Research Output

Marking and providing feedback face-to-face: Staff and student perspectives

  The setting, marking and providing feedback on assessments forms an important part of a tutor’s role. Studies into the use of feedback and how it is interpreted by students indicate a mismatch between what students are looking for and what tutors think they are giving. Tutors comment that students are more interested in the mark than the feedback, and yet students indicate that they do not get enough feedback, or that it is not useful. This study investigates student and staff perceptions of the linking of marking and feedback in face-to-face sessions. A cohort of year one university students were given the option of receiving either written feedback or a 15 minute meeting with one of their tutors to have their essay marked with them. Forty nine students chose face-to-face marking, the remaining 35 students received written feedback. Focus groups were used to investigate the student experience. Staff members were also asked to reflect on the process. Students and staff found the experience of face-to-face marking beneficial and positive. Both felt that the time spent together allowed for a feedback dialogue about the piece of work, and that staff could explain and justify why marks were given.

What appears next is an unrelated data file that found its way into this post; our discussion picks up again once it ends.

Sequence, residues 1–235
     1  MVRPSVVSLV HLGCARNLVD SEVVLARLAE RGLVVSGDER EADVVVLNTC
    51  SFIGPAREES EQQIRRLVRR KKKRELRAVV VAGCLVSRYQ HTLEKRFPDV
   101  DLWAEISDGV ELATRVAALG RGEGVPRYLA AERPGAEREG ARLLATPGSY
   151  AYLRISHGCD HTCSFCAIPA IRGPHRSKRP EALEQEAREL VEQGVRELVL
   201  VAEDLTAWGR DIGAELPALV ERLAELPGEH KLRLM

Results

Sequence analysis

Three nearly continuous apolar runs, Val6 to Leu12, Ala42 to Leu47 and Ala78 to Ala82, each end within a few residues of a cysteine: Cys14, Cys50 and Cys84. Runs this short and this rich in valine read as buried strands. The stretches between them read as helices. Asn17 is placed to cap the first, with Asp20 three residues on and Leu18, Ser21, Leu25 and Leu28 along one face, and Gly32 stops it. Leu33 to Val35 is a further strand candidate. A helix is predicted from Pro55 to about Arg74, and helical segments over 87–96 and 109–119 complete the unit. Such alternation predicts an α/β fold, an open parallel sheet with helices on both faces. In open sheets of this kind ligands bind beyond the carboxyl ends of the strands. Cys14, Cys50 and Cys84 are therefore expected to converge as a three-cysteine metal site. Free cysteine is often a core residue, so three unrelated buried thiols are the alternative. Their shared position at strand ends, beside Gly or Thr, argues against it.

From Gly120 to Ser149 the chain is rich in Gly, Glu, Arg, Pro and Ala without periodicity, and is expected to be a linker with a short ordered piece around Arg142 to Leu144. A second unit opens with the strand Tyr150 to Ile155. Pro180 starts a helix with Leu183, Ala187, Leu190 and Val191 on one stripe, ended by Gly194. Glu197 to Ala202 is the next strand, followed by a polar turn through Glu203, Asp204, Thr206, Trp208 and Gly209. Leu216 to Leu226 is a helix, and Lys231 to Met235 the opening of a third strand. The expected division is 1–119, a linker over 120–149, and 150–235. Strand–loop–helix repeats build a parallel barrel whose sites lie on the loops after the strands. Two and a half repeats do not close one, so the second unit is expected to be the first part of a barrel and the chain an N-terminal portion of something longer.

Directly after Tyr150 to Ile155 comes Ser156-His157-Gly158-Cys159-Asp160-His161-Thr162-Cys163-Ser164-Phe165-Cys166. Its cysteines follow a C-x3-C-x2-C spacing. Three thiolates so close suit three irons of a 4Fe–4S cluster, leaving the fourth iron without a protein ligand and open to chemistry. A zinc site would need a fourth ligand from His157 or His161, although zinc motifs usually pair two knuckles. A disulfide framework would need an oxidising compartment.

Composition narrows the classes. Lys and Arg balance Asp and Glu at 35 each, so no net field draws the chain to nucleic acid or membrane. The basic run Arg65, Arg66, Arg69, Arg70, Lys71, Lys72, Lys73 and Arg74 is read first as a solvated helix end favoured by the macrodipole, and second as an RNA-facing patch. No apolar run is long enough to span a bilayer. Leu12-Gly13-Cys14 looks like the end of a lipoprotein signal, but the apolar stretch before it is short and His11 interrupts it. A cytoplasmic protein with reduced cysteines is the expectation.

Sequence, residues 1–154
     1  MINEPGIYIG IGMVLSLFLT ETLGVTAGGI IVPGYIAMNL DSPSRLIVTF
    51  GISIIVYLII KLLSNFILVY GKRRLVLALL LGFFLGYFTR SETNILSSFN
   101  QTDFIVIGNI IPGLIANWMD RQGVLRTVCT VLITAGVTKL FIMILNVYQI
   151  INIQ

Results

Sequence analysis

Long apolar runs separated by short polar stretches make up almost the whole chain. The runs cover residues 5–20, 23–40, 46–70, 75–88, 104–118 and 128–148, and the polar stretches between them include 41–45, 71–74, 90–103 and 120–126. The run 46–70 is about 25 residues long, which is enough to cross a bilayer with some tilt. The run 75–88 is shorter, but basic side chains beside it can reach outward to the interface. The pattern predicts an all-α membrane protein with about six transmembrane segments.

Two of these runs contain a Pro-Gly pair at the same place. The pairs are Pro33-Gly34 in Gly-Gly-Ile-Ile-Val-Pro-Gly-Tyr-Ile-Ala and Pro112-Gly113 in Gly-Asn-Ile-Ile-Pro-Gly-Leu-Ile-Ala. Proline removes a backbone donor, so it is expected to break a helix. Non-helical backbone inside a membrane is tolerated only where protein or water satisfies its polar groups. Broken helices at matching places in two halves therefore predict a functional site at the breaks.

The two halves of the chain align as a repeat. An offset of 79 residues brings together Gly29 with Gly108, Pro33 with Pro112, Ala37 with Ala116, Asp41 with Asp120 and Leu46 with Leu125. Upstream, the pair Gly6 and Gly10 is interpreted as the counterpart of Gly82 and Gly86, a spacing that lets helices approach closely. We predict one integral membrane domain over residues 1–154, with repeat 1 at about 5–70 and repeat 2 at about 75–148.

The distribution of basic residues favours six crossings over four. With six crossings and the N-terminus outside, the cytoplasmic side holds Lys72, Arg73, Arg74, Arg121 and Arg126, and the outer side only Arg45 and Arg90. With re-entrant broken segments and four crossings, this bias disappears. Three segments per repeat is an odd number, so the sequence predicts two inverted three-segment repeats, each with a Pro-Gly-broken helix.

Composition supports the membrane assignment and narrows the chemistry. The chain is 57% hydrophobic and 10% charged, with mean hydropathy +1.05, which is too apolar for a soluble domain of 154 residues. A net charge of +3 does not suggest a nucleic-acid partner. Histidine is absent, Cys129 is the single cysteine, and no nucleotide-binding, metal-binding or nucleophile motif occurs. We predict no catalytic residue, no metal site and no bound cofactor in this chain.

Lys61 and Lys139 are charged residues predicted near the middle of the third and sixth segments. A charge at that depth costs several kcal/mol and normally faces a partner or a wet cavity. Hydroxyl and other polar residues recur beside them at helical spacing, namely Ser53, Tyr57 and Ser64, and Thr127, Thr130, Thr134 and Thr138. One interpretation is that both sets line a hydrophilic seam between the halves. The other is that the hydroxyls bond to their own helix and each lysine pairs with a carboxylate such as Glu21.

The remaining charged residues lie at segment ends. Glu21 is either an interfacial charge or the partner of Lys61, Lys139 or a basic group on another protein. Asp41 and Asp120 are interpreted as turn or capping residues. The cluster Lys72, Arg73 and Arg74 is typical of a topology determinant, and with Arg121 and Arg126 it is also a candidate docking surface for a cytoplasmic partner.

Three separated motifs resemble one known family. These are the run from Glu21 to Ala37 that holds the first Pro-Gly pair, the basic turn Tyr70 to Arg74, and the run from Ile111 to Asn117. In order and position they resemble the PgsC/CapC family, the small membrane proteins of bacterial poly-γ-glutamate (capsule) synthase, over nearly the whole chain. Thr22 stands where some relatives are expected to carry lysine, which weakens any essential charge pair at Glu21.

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  • Date:

    26 July 2017

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  • Library of Congress:

    LB2300 Higher Education

  • Dewey Decimal Classification:

    378 Higher education


Chalmers, C., Mowat, E., & Chapman, M. (2018). Marking and providing feedback face-to-face: Staff and student perspectives. Active learning in higher education, 19(1), (35-45). doi:10.1177/1469787417721363. ISSN 1469-7874



Marking linked to feedback; feedback dialogue; face-to-face marking;

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